An unexplained Amazon charge on your credit card bill. An email asking you to confirm a password change request. A moment of confusion when your usual Google log-in details don’t work. These are all-too-common signs that someone has gained — or is trying to gain — access to your accounts.
New research from the Identity Theft Resource Center shows that the number of publicly reported data breaches from the beginning of 2021 to the end of September totaled 1,291, a 17% increase from the total reported throughout all of 2020.
Too many people find out they’ve been affected only after the damage has already been done. If you’re vigilant — and lucky — you might be able to stop a hack before it happens. And if you find yourself the victim of a hack or data breach, or think you might be, here’s our guide to the steps you should take immediately.
Change your passwords
This one is a no-brainer: Change your passwords as soon as you’ve spotted some of the sketchy behavior we talked about earlier, or the moment you’ve confirmed that you’ve been hacked. It’s not uncommon for people to reuse the same password across multiple sites and services — if that sounds like you, move fast.
Ideally, you should be using different, strong passwords every time, and password manager apps like Dashlane and LastPass can be a huge help for this. Once they’re installed, you can use them to create secure passwords that they save for later use — all you have to do is remember the single master password that gets into those apps in the first place.
Thankfully, it can be pretty easy to tell if one of your passwords has been compromised. Web browsers like Google Chrome and Apple’s Safari can automatically detect when one of your saved passwords was previously exposed in a hack or data breach, and will strongly suggest you change your log-in credentials to something new and more secure. Apple’s iOS and iPadOS software also offers a security recommendations tool (Go to Settings -> Passwords -> Security Recommendations) that shows you all of your vulnerable online passwords in one place.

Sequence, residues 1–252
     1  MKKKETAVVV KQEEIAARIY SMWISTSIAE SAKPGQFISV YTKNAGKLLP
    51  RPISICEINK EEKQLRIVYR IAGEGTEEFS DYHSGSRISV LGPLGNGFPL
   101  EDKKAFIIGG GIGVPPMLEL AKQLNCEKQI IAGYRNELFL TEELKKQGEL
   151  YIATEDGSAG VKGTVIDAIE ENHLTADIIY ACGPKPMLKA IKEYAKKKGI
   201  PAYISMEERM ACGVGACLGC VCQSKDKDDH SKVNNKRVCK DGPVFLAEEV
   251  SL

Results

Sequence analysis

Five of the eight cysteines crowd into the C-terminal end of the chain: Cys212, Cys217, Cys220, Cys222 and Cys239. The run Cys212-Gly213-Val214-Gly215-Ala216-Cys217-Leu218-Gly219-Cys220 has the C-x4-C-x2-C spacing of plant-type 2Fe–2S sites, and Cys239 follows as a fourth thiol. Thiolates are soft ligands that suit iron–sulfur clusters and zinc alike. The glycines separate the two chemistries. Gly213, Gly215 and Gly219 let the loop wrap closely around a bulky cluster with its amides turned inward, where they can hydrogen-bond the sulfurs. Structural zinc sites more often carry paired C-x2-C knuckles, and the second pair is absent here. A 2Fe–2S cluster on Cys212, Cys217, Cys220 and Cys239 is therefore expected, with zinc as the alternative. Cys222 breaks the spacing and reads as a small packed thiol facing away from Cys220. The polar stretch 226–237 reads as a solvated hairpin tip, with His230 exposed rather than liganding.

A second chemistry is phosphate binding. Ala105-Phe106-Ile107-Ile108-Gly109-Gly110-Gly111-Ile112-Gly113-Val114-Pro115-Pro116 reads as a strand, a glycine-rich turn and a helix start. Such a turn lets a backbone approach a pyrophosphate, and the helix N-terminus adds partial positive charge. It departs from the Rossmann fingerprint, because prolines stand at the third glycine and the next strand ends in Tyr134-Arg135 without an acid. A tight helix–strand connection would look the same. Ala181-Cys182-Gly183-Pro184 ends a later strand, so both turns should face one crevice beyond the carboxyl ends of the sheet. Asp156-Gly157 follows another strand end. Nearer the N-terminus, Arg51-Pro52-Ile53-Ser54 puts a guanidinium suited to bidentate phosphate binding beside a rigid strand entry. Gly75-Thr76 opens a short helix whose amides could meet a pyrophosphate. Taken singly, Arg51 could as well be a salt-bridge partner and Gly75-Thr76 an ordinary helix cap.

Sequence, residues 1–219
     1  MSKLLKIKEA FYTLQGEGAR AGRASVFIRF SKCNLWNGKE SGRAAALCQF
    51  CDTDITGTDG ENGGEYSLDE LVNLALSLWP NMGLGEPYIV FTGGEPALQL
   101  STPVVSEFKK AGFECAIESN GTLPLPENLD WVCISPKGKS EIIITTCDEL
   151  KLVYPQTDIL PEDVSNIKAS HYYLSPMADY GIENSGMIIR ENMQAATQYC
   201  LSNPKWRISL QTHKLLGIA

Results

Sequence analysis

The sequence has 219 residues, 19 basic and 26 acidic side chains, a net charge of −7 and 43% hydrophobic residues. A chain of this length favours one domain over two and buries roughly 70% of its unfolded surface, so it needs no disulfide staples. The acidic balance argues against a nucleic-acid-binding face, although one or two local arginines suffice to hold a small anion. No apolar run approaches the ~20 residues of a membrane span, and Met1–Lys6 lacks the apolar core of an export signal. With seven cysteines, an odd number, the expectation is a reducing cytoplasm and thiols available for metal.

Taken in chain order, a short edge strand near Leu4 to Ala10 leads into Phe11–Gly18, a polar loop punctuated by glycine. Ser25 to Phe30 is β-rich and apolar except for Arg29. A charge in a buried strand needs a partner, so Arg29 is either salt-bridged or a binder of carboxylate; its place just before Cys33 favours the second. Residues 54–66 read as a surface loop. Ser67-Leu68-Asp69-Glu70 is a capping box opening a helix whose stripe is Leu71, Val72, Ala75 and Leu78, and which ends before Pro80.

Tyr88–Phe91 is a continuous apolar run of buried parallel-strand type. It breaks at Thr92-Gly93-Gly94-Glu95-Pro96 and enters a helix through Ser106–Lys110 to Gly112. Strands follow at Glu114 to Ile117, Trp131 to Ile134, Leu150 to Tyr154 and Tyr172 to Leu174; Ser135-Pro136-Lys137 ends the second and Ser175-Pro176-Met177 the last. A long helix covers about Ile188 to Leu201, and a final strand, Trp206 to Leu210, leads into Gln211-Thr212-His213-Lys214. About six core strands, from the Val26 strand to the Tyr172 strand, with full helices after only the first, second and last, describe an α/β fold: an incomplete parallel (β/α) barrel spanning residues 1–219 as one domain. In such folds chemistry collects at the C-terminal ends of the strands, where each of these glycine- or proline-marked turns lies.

Use the right kind of two-factor authentication
Fixing your passwords is just the start — you’ll also want to add another layer of protection. That’s where two-factor authentication comes in.
The most common form of two-factor authentication — or 2FA — relies on text messages. If you’ve ever been prompted to punch in a code that gets texted to your phone when logging into a website or service, you already have some experience with 2FA.
This kind of authentication is better than nothing at all, but it isn’t unbreakable — if someone was able to access your account with your wireless carrier, they could perform what’s known as a SIM-swap attack. Once that happens, every text message that would normally be delivered to your phone would instead be directed to the hacker’s, security code included. If at all possible, use an app like Authy or Google Authenticator instead. Rather than relying on text messages, these apps can generate single-use codes to help you securely log into your accounts.
Start recovering your accounts
Once you’ve locked down your other accounts, it’s time to start trying to recover ones you may have lost control of. Many commonly used services offer a suite of tools to help you verify your identity and regain access to your accounts, but some make it easier than others. Here’s how recovery works on some of the services you might be using.
Google: The company will let you verify yourself by contacting other devices connected to that account. On Android phones, that means you’ll get a notification that you can tap “yes” on to prove you’re the account owner. If you’re using an iPhone or iPad, Google makes that verification message available in the Gmail app. If none of that works, Google will send a recovery email to a backup email address if you’ve specified one in the past. To start, click here.